In public health today, the major challenges are posed by three antibiotic-resistant classes of disease-causing bacteria, shown above. The first is Staphylococcus aureus (MRSA), which causes at least 19,000 deaths per year and an annual addition of 4 billion USD to healthcare expenses in the US alone. It is sweeping into more and more regions, making it seem distinctly likely that S. aureus (VRSA) which is equally lethal, though even more difficult to treat than MRSA, will soon devastate hospitals.

The second type is multidrug-resistant (MDR) and pandrug-resistant (PDR) Gram-negative bacteria, which are fortunately less widespread at present, but are far more terrifying in that they cannot be treated with any known antibiotic. These include some strains of Escherichia coli, Pseudomonas aeruginosa, Acinetobacter baumannii, and Klebsiella pneumoniae. They defy either several or all commonly used antibiotics that are in use against Gram-negative bacteria.

It is unlikely that new antibiotics against these bacteria will be developed any time in the near future, because Gram-negative bacteria have outer cell membranes that prevent some antibiotics from entering, while they have efflux pumps that throw out many others.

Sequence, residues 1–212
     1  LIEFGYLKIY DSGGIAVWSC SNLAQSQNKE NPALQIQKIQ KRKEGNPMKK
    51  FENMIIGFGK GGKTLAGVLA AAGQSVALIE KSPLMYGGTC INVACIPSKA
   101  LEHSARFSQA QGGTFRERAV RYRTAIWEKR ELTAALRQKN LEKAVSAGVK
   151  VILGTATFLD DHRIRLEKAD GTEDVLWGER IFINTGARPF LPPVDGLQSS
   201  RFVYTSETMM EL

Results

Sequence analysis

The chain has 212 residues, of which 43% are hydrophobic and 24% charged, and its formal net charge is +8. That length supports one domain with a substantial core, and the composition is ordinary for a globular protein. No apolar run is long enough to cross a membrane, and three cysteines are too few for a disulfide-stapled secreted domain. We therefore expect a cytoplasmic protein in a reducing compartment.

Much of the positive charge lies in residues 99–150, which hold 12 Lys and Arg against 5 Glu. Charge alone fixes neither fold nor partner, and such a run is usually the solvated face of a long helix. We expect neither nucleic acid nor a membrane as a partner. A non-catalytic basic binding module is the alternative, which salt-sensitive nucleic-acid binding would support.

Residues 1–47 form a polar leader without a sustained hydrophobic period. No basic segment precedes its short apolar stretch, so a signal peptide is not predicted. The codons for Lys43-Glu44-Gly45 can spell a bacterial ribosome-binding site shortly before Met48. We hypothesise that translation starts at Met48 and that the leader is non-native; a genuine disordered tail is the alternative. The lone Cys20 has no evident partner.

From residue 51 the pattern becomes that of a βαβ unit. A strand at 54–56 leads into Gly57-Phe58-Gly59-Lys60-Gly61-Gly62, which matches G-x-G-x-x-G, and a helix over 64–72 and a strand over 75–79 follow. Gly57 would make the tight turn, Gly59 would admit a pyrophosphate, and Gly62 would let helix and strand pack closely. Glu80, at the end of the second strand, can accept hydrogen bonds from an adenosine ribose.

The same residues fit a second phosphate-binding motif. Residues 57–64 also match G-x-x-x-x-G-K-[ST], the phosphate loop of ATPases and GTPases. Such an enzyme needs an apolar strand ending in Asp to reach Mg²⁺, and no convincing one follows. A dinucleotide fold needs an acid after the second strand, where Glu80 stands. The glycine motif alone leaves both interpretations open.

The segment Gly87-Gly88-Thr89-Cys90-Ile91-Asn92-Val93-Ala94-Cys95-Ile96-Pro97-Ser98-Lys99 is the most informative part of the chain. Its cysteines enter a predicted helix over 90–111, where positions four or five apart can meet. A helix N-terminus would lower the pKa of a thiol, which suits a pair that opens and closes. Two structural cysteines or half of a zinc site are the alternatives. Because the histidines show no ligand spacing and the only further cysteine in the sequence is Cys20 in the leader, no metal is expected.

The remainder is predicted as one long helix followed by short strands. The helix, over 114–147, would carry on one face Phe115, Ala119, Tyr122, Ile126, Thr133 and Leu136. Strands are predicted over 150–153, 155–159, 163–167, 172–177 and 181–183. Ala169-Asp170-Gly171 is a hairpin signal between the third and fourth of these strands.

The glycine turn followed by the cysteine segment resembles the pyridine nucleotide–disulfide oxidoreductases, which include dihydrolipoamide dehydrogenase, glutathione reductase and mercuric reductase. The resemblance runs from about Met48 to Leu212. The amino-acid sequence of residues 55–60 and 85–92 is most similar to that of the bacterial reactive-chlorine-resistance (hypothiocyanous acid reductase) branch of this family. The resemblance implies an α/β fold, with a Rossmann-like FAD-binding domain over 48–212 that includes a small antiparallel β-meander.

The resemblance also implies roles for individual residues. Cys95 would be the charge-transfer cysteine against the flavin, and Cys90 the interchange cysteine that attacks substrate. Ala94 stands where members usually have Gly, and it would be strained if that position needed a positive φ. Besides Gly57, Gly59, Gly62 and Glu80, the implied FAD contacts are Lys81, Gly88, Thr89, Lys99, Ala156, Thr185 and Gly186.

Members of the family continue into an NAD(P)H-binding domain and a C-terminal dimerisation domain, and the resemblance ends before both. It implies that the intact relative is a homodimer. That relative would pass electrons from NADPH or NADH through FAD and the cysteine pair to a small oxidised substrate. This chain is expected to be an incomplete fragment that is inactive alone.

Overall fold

The third category of resistant bacteria is composed of MDR and extensively drug-resistant (XDR) strains of Mycobacterium tuberculosis (MDR-TB and XDR-TB). These are becoming rampant in the developing world, because they must be treated for long periods and require much effort to oversee and monitor their treatment. The drugs used carry the risk of serious adverse effects which may even be fatal.

The result of this situation is a worldwide vulnerability to superbacteria which are seemingly invincible, posing the threat of severe disease outbreaks which will be almost impossible to treat. The only way out is to find and produce new antibiotics. Unlike other drug classes, today’s antibiotics are likely to be much less useful within decades or even years due to the increasing spread of these superbugs.

Phytochemicals: from source to medicine.


A study of plants in their environment shows that antibacterial products are part of the defenses set up by most plants as part of their metabolism, to keep themselves from succumbing to microbes, including a host of Gram-positive bacteria, around them. The soil in which plants grow is full of bacteria, fungi and viruses. Thus the chances are high that plants either accumulate antimicrobials in latent form or produce them from scratch when they become aware of microbial attack, in what is called a phytoalexic response.